I had the pleasure to interview Heidi Luerra. Heidi’s creative and entrepreneurial journey started long before creating RAW Artists in 2009. Upon graduating high school, Heidi moved to Los Angeles, to modest accommodations to pursue her fashion dreams. In Summer 2004, Heidi found herself inventing a junior line of basics called EveryWear Clothing. As a lover of all things creative, Heidi founded and directed her first multi-faceted arts showcase in 2005. In 2009, Heidi launched RAW:natural born artists. RAW:natural born artists launched with its first showcase in downtown Los Angeles. Soon after, it expanded to surrounding Southern California cities, before reaching more than 17 cities nationwide in 2011. Heidi and her team began to launch internationally in 2012. With more than 200,000 artists in its network, RAW hosts showcases in over 70 cities around the globe, including the US, Australia, Canada AND Mexico. To-date RAW has hosted more than 1,700 showcase events. As RAW’s Founder & CEO, Heidi leads a team of 65 employees from RAW’s headquarters in downtown Los Angeles. Together they work full-time to ensure that RAW is fulfilling its mission by providing tools, resources, education, and exposure to independent artists. The RAW artist community grows daily. Because of RAW, independent filmmakers, designers, musicians, visual artists and performing artists are seen and heard. Heidi’s new book The Work of Art: A No-Nonsense Field Guide for Creative Entrepreneurs is now available on Amazon.com, BarnesandNobel.com and other online book retailers.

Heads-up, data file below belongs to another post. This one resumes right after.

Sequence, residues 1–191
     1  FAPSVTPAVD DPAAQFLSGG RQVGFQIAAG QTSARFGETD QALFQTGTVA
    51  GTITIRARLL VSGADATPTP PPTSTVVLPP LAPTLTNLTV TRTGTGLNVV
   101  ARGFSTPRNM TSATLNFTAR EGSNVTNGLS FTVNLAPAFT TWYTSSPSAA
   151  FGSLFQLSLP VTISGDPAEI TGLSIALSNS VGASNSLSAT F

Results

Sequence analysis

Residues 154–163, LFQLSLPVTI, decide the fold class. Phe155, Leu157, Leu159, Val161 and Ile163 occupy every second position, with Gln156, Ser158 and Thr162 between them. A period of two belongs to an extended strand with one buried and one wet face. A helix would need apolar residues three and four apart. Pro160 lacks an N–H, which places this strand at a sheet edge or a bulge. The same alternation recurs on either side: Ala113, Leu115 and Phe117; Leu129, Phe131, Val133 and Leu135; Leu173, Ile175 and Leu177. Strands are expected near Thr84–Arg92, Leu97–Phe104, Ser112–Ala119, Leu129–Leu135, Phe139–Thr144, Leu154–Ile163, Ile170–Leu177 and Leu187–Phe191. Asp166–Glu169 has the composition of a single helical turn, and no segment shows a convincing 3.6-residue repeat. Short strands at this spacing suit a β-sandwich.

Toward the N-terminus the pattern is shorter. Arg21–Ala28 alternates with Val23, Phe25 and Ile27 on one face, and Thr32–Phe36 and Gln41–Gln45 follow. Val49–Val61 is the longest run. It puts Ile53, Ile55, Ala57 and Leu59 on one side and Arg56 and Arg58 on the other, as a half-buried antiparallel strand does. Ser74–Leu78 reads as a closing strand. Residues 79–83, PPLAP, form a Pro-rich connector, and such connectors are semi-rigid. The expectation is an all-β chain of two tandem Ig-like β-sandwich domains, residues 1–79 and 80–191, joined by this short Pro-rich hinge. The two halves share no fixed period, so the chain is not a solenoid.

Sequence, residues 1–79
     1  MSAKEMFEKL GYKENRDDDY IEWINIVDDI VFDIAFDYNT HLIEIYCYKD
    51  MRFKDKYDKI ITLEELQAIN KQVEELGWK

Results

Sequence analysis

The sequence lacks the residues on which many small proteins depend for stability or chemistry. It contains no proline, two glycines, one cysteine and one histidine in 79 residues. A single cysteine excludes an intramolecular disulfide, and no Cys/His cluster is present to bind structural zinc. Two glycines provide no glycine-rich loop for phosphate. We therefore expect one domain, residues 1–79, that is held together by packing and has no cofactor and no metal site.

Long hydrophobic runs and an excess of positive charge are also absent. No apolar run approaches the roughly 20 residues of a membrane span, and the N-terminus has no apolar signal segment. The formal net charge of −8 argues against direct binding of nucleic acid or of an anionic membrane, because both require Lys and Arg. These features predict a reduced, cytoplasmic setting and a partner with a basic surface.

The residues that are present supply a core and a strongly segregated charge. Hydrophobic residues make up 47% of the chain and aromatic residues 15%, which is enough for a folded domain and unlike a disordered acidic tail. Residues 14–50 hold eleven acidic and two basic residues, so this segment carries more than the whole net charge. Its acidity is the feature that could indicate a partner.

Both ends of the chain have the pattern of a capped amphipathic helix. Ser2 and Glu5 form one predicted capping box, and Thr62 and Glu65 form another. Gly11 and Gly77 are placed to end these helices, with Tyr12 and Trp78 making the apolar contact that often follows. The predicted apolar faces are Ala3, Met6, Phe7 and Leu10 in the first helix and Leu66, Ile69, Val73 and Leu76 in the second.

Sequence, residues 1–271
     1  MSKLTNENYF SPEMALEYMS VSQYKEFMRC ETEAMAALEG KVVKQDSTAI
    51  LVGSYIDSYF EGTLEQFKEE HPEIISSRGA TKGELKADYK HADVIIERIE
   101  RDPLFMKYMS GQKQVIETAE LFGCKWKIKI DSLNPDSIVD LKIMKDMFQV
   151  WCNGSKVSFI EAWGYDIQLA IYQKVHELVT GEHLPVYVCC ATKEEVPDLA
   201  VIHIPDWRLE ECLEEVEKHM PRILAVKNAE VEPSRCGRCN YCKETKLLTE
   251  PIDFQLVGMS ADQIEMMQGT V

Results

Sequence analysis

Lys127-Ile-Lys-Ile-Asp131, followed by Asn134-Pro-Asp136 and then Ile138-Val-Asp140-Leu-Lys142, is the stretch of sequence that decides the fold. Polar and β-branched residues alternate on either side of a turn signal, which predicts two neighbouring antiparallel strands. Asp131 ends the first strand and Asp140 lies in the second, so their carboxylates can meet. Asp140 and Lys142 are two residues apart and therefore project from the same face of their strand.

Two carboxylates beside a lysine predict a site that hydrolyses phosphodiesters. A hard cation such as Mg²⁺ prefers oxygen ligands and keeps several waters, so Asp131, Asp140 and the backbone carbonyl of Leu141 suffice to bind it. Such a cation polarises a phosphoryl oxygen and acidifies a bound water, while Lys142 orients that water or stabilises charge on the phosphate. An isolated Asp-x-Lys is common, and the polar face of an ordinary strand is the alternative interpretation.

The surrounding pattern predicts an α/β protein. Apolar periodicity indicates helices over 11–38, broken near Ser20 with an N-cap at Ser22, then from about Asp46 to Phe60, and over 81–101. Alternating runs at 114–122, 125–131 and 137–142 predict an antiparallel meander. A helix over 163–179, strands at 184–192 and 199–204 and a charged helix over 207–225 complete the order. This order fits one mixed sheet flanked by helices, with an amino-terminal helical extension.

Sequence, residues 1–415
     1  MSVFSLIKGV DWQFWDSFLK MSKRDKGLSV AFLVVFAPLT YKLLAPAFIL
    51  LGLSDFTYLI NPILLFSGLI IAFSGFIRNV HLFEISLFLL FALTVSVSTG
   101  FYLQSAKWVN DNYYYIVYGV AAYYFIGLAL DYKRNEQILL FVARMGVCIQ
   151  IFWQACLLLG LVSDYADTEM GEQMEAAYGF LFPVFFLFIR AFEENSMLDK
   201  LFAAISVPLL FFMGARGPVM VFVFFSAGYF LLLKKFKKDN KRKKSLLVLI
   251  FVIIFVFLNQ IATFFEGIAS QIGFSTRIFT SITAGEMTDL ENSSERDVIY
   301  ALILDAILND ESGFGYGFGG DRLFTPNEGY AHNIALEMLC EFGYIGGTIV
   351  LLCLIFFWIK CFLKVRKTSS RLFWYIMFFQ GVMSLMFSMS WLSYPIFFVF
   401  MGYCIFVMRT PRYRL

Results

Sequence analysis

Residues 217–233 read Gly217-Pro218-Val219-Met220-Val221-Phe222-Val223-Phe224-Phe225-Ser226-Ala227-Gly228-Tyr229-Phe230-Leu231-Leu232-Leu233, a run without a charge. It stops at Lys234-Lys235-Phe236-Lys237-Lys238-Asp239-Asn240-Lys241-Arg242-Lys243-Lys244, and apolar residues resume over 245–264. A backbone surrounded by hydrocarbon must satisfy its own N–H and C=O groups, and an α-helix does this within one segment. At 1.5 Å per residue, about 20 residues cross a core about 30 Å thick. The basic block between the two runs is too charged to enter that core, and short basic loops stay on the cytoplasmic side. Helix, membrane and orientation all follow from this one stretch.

Thank you so much for joining us! Can you share a story about what brought you to this particular career path?
For the past decade I’ve been running my company, RAW Artists. I started as a young designer struggling to showcase and sell my clothing line. When I found that there was virtually no approachable entity to go direct to consumers, I started my own platform for creatives in 2005. Through a winding road and several different turns of events (including laying my line to rest), I launched RAW officially in 2009.
I’ve worked with creatives and artists for almost twenty years. I’ve often seen artists make small mistakes that if only slightly tweaked could change the trajectory of their careers, therefore I decided to write a book to help on their entrepreneurial journey. The book is titled, The Work of Art: A No-Nonsense Field Guide for Creative Entrepreneurs.